As the omelet starts to firm up a bit, I add the cheese. I don’t mess with the eggs anymore until the cheese melts.


When the cheese is thoroughly melted, the omelet’s ready to serve. I fold the omelet a couple of times as it slides out of the skillet. I’ll sprinkle it with parsley for color.


Lunch is always served with bubbly.


Lately we’d been drinking California labels: Moët, Mumm, Piper Sonoma. Occasionally it’s crémant d’Alsace, primarily Lucian Albrecht rosé. Winemakers since 1520, the family’s previous generation put crémant d’Alsace on the map, gaining Appellation Controllée. However, the winery hit the skids recently and the family sold out. We grab half a dozen bottles from the shelf whenever we see it for fear it may someday disappear.

Life is sublime.

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The MAOI Patch and the Tyramine Diet

When MAOI Inhibitors were introduced as the first antidepressants in the early 50’s, they came in pill form. The pills were processed in part by the liver and this caused severe side effects in people who had ingested food containing Tyramine.

The Food and Drug Administration pulled MAOIs from the market until they figured out what was going on. Later the FDA relented, so long as people were warned not to eat aged cheese, processed meats, draft beer, and a host of other common foods.

emsamIn 2006, a new delivery system was released, an MAOI patch called Emsam. This enabled the drug to bypass the liver on the way to the brain. Clinical trials of the 6 MG patch found no food interaction. Unfortunately, it usually takes a higher dose to achieve the antidepressant effect.

In a rush to market, the makers of the Emsam patch did not seek FDA approval for higher doses, so a patch for greater than 6 MG carries dire warnings about ingesting foods laden with Tyramine.

I wore a 12 MG (i.e., over the limit) patch during a recent two-week trip through Alsace, Bavaria, and Hungary during which I stuffed myself with smelly cheese, tap beer, cured pork, sauerkraut, goulash, foie gras, and other Tyramine-rich foods.









I’ve had no reaction at all. None. I’m not going to pay attention to the diet restrictions.

Mylan, the manufacturer of the Emsam patch, should run trials with patches stronger than 6 MG. The current guidelines unnecessarily restrict the dining pleasure of people on higher doses.

Your mileage may vary.

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Tyramine Diet

Ah, the joys of modern medicine.

I’ve begun taking a drug that requires me to restrict my diet severely. I’m not allowed to eat aged cheese, sausage, draft beer, sourdough bread, or anything else that contains significant amounts of tyramine, an amino acid that helps regulate blood pressure.

Eating the forbidden fruit can cause severe headache, nausea, stiff neck, vomiting, a fast or slow heartbeat, tight chest pain, a lot of sweating, confusion, dilated pupils, and sensitivity to light. People have died after bingeing on cheese.

So many foods are restricted (sauerkraut, bacon, caviar, peanuts, vermouth!) that I need a way to remind myself of what to avoid. I hope visualization can prop up my memory.

If pictures aren’t your thing, here’s a good list from the National Headache Foundation. (Tyramine can cause migraine headaches in people who are sensitive to it.)

Foods to Avoid on a Tyramine-Restricted Diet

krautcaviar fish4 fish3 fish2 fish herring duckliver2 duckliver cornedbeef bacon hotdog sausage3 choucroute sausage2 sausage cheese5 cheese4 cheese3 cheese2 cheese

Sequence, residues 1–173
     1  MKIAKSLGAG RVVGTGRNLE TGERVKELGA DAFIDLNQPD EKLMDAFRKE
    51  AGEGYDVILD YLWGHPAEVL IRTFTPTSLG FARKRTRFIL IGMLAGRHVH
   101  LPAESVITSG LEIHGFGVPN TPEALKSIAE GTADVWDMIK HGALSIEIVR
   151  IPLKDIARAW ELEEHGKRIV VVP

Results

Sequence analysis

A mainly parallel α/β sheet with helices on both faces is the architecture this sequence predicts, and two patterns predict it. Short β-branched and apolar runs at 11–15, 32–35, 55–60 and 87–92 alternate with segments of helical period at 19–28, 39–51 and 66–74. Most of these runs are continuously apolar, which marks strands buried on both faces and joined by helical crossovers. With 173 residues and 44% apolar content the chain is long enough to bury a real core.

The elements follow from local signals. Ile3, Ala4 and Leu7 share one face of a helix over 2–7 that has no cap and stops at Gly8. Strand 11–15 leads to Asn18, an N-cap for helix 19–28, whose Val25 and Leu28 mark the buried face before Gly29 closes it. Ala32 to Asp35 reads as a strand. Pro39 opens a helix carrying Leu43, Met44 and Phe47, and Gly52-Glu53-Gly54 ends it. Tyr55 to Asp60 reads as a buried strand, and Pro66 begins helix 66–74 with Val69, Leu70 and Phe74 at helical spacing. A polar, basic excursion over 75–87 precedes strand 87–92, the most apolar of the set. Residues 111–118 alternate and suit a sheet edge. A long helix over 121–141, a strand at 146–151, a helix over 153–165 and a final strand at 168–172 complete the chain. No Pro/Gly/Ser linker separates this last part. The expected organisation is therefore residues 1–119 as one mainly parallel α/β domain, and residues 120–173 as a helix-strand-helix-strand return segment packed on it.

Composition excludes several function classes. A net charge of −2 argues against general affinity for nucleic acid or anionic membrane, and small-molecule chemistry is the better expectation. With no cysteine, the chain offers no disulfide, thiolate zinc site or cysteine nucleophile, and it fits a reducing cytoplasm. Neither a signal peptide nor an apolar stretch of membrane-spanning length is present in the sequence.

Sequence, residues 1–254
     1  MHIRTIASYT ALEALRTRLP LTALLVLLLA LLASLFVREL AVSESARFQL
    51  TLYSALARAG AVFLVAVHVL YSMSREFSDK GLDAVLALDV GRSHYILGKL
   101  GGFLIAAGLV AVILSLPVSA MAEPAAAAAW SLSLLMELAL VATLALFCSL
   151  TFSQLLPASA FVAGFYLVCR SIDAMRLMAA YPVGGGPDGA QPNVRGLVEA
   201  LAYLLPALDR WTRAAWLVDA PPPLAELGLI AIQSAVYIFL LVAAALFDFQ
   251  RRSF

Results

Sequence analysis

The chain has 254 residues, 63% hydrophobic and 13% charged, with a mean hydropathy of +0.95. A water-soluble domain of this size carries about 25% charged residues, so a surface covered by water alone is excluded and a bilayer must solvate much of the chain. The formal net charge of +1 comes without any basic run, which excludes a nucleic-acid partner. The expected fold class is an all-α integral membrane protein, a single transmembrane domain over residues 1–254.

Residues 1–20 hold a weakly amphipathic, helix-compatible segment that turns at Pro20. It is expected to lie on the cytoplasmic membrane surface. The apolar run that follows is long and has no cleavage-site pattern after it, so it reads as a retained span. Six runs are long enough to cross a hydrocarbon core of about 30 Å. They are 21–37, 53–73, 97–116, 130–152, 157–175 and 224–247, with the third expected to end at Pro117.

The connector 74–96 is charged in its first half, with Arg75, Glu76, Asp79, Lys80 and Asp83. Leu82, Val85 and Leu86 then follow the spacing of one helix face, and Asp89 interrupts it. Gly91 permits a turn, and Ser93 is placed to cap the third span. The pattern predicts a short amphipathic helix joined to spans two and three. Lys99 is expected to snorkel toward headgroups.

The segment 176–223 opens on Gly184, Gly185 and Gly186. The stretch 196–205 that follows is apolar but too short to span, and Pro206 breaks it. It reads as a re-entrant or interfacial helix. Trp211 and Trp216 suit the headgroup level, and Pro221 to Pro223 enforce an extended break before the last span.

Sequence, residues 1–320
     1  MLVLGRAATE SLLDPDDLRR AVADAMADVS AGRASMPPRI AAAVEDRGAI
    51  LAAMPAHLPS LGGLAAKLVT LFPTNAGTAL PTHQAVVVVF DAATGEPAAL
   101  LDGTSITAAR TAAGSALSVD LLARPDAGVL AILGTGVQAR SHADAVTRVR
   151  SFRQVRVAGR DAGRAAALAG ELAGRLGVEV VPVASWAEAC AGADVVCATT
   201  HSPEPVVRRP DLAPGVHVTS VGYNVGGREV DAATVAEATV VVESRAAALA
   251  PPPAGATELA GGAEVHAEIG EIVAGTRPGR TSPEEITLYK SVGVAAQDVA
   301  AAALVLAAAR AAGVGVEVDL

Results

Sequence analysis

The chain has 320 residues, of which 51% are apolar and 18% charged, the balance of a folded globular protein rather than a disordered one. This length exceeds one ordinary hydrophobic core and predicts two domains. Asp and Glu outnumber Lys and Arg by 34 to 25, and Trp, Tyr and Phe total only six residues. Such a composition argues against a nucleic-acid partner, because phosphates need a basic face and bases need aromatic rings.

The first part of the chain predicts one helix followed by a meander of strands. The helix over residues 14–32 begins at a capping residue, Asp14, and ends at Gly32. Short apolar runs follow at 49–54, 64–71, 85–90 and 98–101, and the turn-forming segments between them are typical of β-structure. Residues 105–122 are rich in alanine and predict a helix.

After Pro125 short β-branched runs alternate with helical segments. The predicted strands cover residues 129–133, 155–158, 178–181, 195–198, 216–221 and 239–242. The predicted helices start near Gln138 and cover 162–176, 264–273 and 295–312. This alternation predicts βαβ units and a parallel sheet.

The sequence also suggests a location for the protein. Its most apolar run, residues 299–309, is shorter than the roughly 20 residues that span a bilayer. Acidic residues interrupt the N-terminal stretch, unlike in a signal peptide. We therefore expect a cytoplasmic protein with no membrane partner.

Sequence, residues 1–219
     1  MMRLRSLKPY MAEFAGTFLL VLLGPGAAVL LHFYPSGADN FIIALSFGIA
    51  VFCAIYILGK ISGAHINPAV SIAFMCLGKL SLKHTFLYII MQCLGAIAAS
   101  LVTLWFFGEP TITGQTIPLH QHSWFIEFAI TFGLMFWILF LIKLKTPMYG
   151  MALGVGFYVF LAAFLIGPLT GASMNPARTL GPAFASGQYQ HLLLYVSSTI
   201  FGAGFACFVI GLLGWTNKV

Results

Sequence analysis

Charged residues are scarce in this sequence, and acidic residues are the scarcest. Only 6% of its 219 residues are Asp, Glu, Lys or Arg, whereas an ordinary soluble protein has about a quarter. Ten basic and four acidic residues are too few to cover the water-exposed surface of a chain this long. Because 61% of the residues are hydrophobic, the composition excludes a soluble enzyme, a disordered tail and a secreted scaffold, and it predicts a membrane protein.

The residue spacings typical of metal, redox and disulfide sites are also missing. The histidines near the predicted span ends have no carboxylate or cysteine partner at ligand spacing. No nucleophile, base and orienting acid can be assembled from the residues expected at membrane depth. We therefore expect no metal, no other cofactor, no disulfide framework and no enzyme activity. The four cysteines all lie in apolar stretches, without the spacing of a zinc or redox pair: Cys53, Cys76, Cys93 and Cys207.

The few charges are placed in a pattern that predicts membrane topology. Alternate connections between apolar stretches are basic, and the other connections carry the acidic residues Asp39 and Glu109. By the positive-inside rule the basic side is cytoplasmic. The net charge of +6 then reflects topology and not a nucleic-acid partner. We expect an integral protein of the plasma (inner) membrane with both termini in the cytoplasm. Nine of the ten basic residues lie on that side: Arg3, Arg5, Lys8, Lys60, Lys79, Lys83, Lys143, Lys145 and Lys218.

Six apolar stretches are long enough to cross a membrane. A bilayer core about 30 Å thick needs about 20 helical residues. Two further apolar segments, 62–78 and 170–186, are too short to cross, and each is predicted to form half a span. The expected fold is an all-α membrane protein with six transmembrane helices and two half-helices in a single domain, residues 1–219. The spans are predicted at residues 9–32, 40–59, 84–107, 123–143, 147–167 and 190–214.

The following foods have limited amounts of tyramine. It’s okay to consume up to 1/2 a cup daily.












I assembled the list from Wikipedia and a dozen medical sites. None of the sites list all of these items. The list on the Mayo Clinic site is typical:

“Tyramine is naturally found in small amounts in protein-containing foods. As these foods age, the tyramine level increases. Some foods high in tyramine include:

  • Aged cheeses, such as aged cheddar and Swiss; blue cheeses such as Stilton and Gorgonzola; and Camembert. Cheeses made from pasteurized milk are less likely to contain high levels of tyramine, including American cheese, cottage cheese, ricotta, farm cheese and cream cheese.
  • Cured meats, which are meats treated with salt and nitrate or nitrite, such as dry-type summer sausages, pepperoni and salami.
  • Fermented cabbage, such as sauerkraut and kimchee.
  • Soy sauce, fish sauce and shrimp sauce.
  • Yeast-extract spreads, such as Marmite.
  • Improperly stored foods or spoiled foods.
  • Broad bean pods, such as fava beans.”

The amount of tyramine depends on how the food was processed and how old it is. Tyramine increases as a food ages. Pickled, smoked, fermented, or marinated meats are generally high in tyramine. Fresh produce is okay if you eat it within 48 hours of purchase. Nuts are never okay. A draft beer contains 25 times as much tyramine as a can of beer.

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Hot Italian

Hot Italian Mangia & Bar

Emeryville Public Market
510 922 1369


hotitalianWe were in the neighborhood, having done a run to the Emeryville Ikea, and decided to drop by the Emeryville Public Market for the first time in more than a year. It’s a shadow of its former self. Several food stalls have disappeared. Remodeling has reduced the seating area. Once a vibrant space (remember the fish market? the gourmet cookware shop?), the Public Market has clearly seen better times.

Hot Italian is the exception. It’s a bustling upscale pizza joint with a thoroughly Italian menu and vibe. Our Basso pizza with artichoke hearts, heirloom cherry tomatoes, roasted olives, basil pesto, mozzarella, and tomato sauce ($16) was delicious. The Izzo salad (baby spinach, plums, goat cheese, and marcona almonds ($9) was tasty but could have used a little more dressing. My Bellini ($7) was perfect.

The restaurant feels like a warehouse, but a sparkling warehouse in Milano.

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This week

Gumbo at Angelina’s

Crab melt at Pacific Catch

Jack Satan margarita at Comal